MEChA, the Chicano Student Movement of Aztlan, was to get $50,000 from the Bank of America settlement. MEChA is a gazpacho of Marxism, irredentism and racism, dedicated to the recovery of Aztlan, a place with origins in 60s left-wing mythology, not the history of the Aztecs. At some MEChA meetings members chant “Entre la raza todo, fuera de la raza, nada,” meaning “Everything within the race, nothing outside the race.” Despite what “progressive” apologists say, the raza is not the human race. Taxpayers should also keep that reality in mind with the National Council of La Raza. Neither group is a model of diversity and inclusion and a ballpark figure for what they should “pocket” from the federal government is zero.
According to Social Security’s Trustees, in 2034, all Americans who receive retirement benefits from Social Security will have their pension payments slashed by 21%.
But before that happens 18 years from now, U.S. truckers will test drive even larger retirement benefit cuts from their pensions if the U.S. Treasury department has its way, as Mike Shedlock describes:
407,000 private sector workers are about to lose most of their pensions.
I first wrote about this on April 21, in One of Nation’s Largest Pension Funds (Truckers) Will Reduce Benefits or Go Broke by 2025.
The Central States Pension Fund, which handles the retirement benefits for current and former Teamster union truck drivers across various states applied for reductions under that law.
Currently the plan pays out $3.46 in pension benefits for every $1 it receives from employers. That’s a drain of $2 billion annually.
The plan filed for 60% cuts in pensions. The Treasury Department has the final say. The verdict came in today: “cuts not deep enough”.
Consequently, the director of the Central States Pension Fund, Thomas Nyhan, has gone on record to confirm that unless the U.S. government bails out the fund, the pension benefits for current and future retirees from the Teamsters labor union will be cut to “virtually nothing” when the fund runs out of money in less than 10 years time.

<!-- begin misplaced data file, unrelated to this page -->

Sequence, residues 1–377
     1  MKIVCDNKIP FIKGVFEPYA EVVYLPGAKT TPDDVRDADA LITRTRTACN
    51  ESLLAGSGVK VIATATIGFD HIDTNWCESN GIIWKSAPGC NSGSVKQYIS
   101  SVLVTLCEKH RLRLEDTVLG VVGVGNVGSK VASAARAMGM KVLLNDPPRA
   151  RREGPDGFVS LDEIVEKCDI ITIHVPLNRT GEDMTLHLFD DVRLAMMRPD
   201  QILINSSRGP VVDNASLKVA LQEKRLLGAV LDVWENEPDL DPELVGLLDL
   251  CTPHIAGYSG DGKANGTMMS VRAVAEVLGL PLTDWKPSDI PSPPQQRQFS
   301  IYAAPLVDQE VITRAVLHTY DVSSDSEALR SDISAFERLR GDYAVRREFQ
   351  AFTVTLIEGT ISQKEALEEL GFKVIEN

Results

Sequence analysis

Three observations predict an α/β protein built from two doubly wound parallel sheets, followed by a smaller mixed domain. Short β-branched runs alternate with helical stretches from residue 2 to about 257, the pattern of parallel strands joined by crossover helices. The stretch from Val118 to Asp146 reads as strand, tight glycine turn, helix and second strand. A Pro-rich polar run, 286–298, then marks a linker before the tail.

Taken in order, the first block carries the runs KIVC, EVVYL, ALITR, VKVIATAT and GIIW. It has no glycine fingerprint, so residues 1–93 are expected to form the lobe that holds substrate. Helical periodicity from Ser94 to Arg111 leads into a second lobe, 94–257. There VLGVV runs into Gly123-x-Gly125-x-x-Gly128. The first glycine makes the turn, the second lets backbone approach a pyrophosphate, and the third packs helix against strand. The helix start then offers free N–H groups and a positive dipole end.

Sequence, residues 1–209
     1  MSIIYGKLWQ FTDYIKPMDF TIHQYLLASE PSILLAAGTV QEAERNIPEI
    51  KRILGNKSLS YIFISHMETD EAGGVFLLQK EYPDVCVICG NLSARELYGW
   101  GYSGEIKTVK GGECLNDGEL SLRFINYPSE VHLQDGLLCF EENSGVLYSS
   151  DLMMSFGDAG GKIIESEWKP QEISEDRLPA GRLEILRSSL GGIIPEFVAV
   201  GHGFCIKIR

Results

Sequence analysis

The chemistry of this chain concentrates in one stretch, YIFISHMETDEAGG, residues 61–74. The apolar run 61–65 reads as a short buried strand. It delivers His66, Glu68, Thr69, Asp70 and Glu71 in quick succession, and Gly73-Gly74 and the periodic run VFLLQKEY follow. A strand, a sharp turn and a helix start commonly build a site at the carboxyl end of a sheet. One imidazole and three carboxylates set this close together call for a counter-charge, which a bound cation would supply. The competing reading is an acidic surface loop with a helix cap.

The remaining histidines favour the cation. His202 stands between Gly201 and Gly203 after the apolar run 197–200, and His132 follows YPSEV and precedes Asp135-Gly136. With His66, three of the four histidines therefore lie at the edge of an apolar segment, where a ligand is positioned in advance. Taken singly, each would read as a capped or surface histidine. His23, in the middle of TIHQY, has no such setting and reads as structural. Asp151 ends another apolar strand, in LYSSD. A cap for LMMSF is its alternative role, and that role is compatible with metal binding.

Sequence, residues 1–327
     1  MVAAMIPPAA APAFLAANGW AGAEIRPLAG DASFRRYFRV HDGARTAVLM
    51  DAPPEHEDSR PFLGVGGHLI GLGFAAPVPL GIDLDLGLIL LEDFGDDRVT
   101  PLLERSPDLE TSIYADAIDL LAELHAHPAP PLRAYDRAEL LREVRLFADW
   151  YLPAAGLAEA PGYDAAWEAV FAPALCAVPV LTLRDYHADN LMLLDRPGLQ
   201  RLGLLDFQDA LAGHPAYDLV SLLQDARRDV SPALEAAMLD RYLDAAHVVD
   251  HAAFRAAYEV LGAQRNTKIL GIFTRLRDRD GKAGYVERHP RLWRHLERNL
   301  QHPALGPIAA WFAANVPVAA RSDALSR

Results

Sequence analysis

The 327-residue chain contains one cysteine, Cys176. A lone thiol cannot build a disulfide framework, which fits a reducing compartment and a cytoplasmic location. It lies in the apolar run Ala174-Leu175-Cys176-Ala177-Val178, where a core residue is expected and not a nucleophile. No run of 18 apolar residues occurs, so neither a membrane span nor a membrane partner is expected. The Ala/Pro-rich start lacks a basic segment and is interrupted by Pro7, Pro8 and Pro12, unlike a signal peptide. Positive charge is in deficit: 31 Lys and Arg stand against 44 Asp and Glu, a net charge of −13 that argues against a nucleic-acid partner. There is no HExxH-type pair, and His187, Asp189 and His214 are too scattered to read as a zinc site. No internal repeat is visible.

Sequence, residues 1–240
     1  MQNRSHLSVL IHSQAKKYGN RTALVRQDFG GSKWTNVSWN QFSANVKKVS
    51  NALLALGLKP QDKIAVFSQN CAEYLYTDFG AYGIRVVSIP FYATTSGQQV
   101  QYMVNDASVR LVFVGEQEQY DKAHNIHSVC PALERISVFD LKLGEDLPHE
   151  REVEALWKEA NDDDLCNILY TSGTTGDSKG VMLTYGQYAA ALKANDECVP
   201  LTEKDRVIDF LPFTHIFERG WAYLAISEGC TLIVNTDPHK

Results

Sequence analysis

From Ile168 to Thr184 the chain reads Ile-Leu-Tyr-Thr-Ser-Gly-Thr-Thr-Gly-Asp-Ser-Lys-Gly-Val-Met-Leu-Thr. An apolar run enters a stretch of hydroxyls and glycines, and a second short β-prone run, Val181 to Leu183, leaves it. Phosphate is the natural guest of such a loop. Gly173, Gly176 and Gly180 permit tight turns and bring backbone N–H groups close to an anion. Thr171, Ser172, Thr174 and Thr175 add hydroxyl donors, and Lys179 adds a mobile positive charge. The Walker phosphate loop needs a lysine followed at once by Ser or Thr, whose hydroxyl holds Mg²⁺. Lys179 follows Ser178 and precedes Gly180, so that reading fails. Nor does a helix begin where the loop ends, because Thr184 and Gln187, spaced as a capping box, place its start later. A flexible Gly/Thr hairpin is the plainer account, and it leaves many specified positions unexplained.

What is happening in this case is significant because whatever action is ultimately taken with respect to the failing Teamster-mismanaged pension fund will also set the likely path that will be followed by countless local and state governments for handling their unsustainably generous pension benefits for government employees. How the situation is managed will also impact the Social Security program, which is on a similar path where it will no longer be able to sustain the generous payments it is making today to its beneficiaries.
Retirement experts are watching Central States as a pivotal test case, the first to seek cuts for current retirees under the Multiemployer Pension Reform Act of 2014. Some say the move signals a turn toward making the problems of America’s festering pension systems into a personal crisis for individual pensioners.
David Certner, legislative counsel for AARP, warns that it threatens to create “a blueprint for companies and (pension) plans to do something similar.”
One estimate puts the funding shortage for all multiemployer pension plans at $140 billion, including up to $50 billion at the most critically short plans. The same painful reality confronts many state and local pension plans that collectively are $1 trillion short of covering what they will owe in pensions.
Sooner or later, things that cannot continue will stop. The question that must now be resolved is to what extent will regular Americans who have had absolutely no part in the mismanagement of the pensions of Teamsters and government employees will be burdened to bail them out.
That’s a real question today because according to CNN, that’s exactly what three of the U.S. government’s largest lenders did in the first quarter of 2016:
China, Russia and Brazil sold off U.S. Treasury bonds as they tried to soften the blow of the global economic slowdown. They each sold off at least $1 billion in U.S. Treasury bonds in March.